Romantic relationships are almost never straightforward, and all of them involve some degree of confusion, conflict and compromise. But the most common characteristic of unhappy relationships seems to be the struggle. When you listen to people talk about their relationships, the ones in jeopardy usually include the words struggle, trying, working, as in ‘we’re working on making it better’. And while relationships do take effort and working on them can make them better, the fight for happiness is often futile. Why? It’s not because two people are not destined to be together or because real love doesn’t take any work. It’s because all too often, we’re fighting against each other instead of working together.
Many people unknowingly end up fighting for different goals and against each other because instead of trying to give the relationship what it needs, they are trying to get what they need. If both partners are trying to get what they need, they are going to be fighting against each other and inevitably seeing their partner as the obstacle to their happiness, as the very thing that is stopping them from getting what they want, in other words, the enemy.
Usually this evolves as a subconscious process when partners find their vulnerabilities and needs exposed in an intimate relationship. Whatever issues and needs from their past, including childhood, adolescence and past relationships, have been unresolved, we subconsciously seek to resolve those issues and get our needs met in our intimate relationship. The longer we go without resolving these issues, the more urgent our needs become, to the degree that we can easily end up ignoring the needs and even the well-being of the person we love most. If our partner is doing the same thing, it becomes a struggle for survival.
Many of us are afraid to do this because we are afraid we will be taken for granted, used, and rejected, and never get our own needs met. We feel we need to stand up and fight for what we want. And the reason we are afraid is lack of trust. We are afraid that our partner is not going to give us what we need. For many people, that is because we never got what we needed when we were growing up. But once you recognise and accept that the hurt and fear you feel is a response to the past, not the present, you can respond to your partner as an adult, with calm and rational love and trust. It is a choice. You can choose how you want to respond.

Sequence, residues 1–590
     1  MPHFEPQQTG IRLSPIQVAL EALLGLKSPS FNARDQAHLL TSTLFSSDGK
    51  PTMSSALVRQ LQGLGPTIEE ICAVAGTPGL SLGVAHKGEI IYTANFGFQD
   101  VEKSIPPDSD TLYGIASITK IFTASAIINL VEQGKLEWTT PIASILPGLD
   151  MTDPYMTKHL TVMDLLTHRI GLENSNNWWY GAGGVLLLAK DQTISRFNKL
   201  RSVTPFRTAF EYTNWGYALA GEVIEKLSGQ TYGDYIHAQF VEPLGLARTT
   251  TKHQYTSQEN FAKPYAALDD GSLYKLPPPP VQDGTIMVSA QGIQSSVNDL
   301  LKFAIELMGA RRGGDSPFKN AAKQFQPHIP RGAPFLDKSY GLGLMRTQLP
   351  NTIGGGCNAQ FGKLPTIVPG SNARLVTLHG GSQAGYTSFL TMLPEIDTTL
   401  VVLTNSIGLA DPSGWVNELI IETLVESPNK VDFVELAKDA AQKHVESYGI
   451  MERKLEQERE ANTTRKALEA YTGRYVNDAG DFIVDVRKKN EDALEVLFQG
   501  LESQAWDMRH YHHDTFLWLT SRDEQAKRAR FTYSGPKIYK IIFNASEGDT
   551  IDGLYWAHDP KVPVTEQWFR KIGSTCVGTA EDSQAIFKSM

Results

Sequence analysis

The beauty of giving in a relationship instead of trying to get is that if both of you are participating, you will both not only give to each other but you will both also get what you need. Say, for example, that you end up arguing with your wife because she’s upset that you’re late coming home. The truth is that you’re afraid that she’s going to become controlling, just like your mother was to your father, but your fear causes you to get angry. By focusing on giving, instead of getting, you can avoid arguments, support your partner, and get what you need, whether that’s understanding, respect, space, attention or affection. It takes awareness, love, trust and courage, but it’s the way to build a happier relationship. Here’s how:
1. Become aware of what your needs are. Figure out why you get angry and what you feel you’re missing. Here’s a hint: It probably has nothing to do with your partner. It usually goes back to unmet childhood needs. After all, your parents were probably struggling with their own issues as well.
2. Let yourself be vulnerable. Find a time when you’re both feeling calm and relaxed and then tell your partner what you need. Even though they love you and know you, they can’t read your mind. Admitting that you need to feel admired or that you need to feel safe isn’t easy. But we all need something. We all need love and respect and comforting and security. There’s nothing wrong with that.
3. Give it. Once you both know what the other person needs, don’t judge or criticise. We’re all different and need different things. So now just focus on trying to give your partner what they’ve told you they need. If your wife says she feels abandoned when you don’t call, then call her. If your husband says he feels loved when you appreciate his DIY, pay him a compliment.
4. Trust. This is the hard part. Trust that you don’t have to fight for what you want. You don’t have to get angry or criticise or nag or give someone the silent treatment or getpassive-aggressive or defensive. These tactics are all based on fear. Just trust that your partner will try their best to give you what you need. All you need to do is accept.
5. Show appreciation. When you do get what you need, express your gratitude. Notice when your wife doesn’t say a word about the way you’ve hung the cupboards crooked or when your husband calls you at work to say he misses you. Noticing your partner’s efforts goes a long way to making them feel loved.
A healthy relationship doesn’t involve just giving of course. There needs to be a balance between giving and receiving. If only one of you is giving and the other is doing all the receiving, the relationship is not going to work.
But if your relationship is based on mutual love and trust, you can help to eliminate the frustration, resentment and hostility that drive your compulsion to either give too much or take too much. If you allow yourself to be vulnerable, let your guard down and ask for what you want, you can support each other and both get and give the love you need.